Saturday night wrapped up with a popcorn-powered pajama movie party, the perfect event for people who are too exhausted to continue drinking or dancing but still wanted to spend every available second with their burlesque buddies. Those that weren’t in the mood for cinema could be found forced into the hotel’s outdoor hot tub, twenty at a time.
Sunday saw the final four class sessions and the launch of ticket sales for next year’s event. Twenty lucky so-and-sos were able to purchase a 2014 weekend pass for a mere 100 dollars!
The weekend was sadly coming to an end and the associated emotions were tangible. All those feelings culminated in the annual BurlyCon Closing Ceremony. This important experience gave opportunities to say goodbye to friends old and new and bond intimately with others over the shared love of the art-form that is burlesque. There were laughs. There were tears. There were indiscriminate hugs. Then, just like that, BurlyCon 2013 was over.
I made my way back to my room to pack up and head home. It had been an amazing weekend. I was exhausted, but excited. Each year I have attended I have become a better performer and a better mentor to my troupe-mates back home. I couldn’t wait to get back home and apply all the new things I had learned. My sass tank was full. I had enough inspiration to get me through another year… until we meet up again and start all over at BurlyCon 2014!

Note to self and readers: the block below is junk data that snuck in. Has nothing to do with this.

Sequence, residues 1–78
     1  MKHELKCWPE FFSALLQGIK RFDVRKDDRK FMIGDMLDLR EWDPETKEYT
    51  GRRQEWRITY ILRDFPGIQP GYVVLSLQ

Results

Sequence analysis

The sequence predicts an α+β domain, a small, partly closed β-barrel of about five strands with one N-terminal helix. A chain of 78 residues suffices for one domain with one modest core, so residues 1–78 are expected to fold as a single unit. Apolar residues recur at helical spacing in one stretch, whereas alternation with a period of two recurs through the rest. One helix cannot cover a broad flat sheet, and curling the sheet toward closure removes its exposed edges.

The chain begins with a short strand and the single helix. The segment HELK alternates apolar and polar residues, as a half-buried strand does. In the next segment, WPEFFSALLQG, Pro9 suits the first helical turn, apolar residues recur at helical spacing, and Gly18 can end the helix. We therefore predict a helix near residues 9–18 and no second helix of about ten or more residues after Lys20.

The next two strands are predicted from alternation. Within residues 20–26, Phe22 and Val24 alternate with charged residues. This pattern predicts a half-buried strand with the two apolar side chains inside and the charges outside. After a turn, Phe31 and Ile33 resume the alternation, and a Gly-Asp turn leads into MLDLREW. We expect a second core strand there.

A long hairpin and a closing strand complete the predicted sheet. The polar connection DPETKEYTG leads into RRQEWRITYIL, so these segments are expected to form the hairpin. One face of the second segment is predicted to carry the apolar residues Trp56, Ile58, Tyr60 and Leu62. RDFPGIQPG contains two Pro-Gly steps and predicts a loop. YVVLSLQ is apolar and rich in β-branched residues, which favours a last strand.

We couldn’t think of anyone’s advice we’d rather take than Miss Jo “Boobs” Weldon, Founder of the New York School of Burlesque and author of The Burlesque Handbook, which is why we’re thrilled to have her as our Burlesque Etiquette contributor! Have a question you’d like Jo to answer? Please title your email “Etiquette- _your issue___” and send to editor [at] PinCurlMag [dot] com and we will send them right over to her!
Have you ever wanted to distribute flyers at a show, and asked the producer if it was okay and been assured it was, only to find out later that the venue was annoyed because they were also having a burlesque show that night?